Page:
Saturday, October 29, 2011
Isis Goes to School, Day One
We've had our dog, Isis, for about six weeks now. She's calmed down quite a bit -- about as much as a rat terrier can calm down, I guess -- but still, we figured obedience training couldn't hurt. So, armed with crossed fingers and a pocket full of treats, she and I set out for our first class.
My conclusion: With apologies to David Letterman, here are the top 10 things to keep in mind when taking a dog to obedience class for the first time.
10. If your dog is a little dog and all the other canines in the room make at least two of her, chances are she won't feel terribly relaxed. She may even shake through the entire 60-minute session, and she could also be far too nervous to take the treats that are supposed to be motivating her. And it's difficult for a dog to learn to sit, stay, come, look and all kinds of other interesting things when she leaps into your lap every time another dog barks.(It's also not good to bring Cheerios as treats, even if your dog loves them at home. She'll take one sniff of someone else's Snausage (OK, that might sound dirty, but I promise it's not) and be even less motivated to do cool things for you.)
9. If you're feeling terribly organized and superior for having all your dog's records in one folder and bringing the folder to the meeting, your humility will be restored by the looks of other people in the class when they notice your papers are in a Justin Bieber folder. Yes, I'm serious, and don't ask.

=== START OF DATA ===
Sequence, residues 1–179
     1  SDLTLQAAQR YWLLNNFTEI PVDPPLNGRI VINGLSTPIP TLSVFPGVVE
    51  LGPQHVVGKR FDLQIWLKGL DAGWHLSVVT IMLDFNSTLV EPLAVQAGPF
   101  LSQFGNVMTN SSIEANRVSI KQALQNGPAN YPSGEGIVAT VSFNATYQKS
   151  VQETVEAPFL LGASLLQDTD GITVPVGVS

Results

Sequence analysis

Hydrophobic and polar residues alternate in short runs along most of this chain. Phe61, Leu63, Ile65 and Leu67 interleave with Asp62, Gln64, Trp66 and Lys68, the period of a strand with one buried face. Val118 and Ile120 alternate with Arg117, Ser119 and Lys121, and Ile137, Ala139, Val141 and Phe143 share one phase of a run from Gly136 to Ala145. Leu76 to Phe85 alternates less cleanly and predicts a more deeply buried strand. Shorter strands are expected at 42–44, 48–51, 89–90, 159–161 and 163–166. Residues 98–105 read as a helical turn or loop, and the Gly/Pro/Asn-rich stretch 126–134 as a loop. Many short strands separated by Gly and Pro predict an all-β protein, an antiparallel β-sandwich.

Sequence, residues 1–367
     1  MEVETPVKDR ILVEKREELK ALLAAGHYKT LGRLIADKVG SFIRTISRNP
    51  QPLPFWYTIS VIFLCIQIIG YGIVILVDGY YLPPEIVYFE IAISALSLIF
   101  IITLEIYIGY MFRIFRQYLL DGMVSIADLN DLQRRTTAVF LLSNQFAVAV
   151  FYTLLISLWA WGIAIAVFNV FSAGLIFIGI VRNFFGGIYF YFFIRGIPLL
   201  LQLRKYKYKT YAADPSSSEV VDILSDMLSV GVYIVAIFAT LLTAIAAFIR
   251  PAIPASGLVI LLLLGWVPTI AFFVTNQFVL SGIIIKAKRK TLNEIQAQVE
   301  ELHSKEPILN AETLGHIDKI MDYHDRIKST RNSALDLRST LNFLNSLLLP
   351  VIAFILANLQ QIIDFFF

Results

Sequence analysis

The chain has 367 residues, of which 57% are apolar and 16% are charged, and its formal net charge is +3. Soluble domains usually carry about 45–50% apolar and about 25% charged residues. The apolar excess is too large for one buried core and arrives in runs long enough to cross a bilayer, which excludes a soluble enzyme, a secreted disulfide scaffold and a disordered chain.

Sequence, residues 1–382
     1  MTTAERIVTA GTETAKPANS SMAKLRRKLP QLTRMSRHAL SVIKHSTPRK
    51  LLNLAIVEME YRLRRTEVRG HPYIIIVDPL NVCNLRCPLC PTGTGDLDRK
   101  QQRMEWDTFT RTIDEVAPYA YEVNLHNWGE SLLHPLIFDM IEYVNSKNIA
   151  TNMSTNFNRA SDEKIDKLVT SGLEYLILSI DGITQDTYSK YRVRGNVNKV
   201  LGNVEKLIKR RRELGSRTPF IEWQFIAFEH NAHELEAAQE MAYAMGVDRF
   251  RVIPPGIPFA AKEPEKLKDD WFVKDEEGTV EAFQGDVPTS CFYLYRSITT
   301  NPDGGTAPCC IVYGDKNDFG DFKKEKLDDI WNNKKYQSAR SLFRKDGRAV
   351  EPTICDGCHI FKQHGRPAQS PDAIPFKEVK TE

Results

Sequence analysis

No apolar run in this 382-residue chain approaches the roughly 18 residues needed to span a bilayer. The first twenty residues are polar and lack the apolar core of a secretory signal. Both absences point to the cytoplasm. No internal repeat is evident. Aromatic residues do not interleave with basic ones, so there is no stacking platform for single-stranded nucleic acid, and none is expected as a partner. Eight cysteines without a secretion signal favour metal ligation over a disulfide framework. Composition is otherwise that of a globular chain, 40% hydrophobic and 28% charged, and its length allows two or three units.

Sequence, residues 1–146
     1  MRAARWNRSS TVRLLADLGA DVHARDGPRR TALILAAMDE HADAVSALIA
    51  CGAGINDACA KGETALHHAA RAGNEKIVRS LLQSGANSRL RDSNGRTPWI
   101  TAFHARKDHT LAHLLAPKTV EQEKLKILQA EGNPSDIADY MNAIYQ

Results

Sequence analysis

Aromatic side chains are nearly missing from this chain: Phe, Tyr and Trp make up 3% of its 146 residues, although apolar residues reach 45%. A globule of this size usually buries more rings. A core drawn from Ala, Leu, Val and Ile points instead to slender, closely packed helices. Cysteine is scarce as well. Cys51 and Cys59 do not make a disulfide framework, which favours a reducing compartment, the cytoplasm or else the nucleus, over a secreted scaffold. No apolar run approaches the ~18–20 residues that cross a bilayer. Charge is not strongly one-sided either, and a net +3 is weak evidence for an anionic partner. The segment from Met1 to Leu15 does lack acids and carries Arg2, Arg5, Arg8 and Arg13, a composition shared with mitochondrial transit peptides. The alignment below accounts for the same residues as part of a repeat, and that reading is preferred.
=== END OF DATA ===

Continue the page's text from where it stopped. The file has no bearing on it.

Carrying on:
8. If you're paying $109 for a class and there are four dogs in it, your trainer should remember the gender and perhaps even the name of your dog. I'm just saying.
7. If some dogs are known to behave excitably toward strangers or other dogs, it's probably not the best idea to hold the class in a room with one wall that's entirely a window and offers a near-constant flow of others, human and otherwise, walking past.
6. It's almost impossible for the average human to give a dog a treat, pet her, say "Good dog," and click a clicker at the same time. (Or maybe it's possible for the average human and impossible just for me. At any rate...)
5. Don't judge the people in your class. The guy in the cowboy hat -- the one with a mouthful of chew and a homemade tattoo on his forearm -- might be a redneck, but he also might freely offer to share his name-brand treats with your dog. This might actually distract her enough so that she stops shaking.
4. It's OK to feel superior to the classmate whose dog is wearing a sweater.
3. It's also OK to feel superior to the classmates -- two of them -- who obviously named their dogs after "Twilight" characters.
2. It's best to avoid taking it personally when the trainer responds to your comment about a clever trick you've been using with your dog by shaking his head and saying, "Nope, that's not effective. In fact, it's just noise."
And the No. 1 thing to keep in mind when taking your dog to obedience class for the first time:
1. If she chooses to relieve herself by leaving a No. 2 on the way out the door -- even though she never has accidents at home -- you might just end up feeling as though you really, seriously can't blame her.
P.S. The good news -- after I got her home, away from the trainer calling her "he" and the three giant attack dogs, she learned to sit. All it took was a handful of Snausages and, curiously, the absence of a clicker.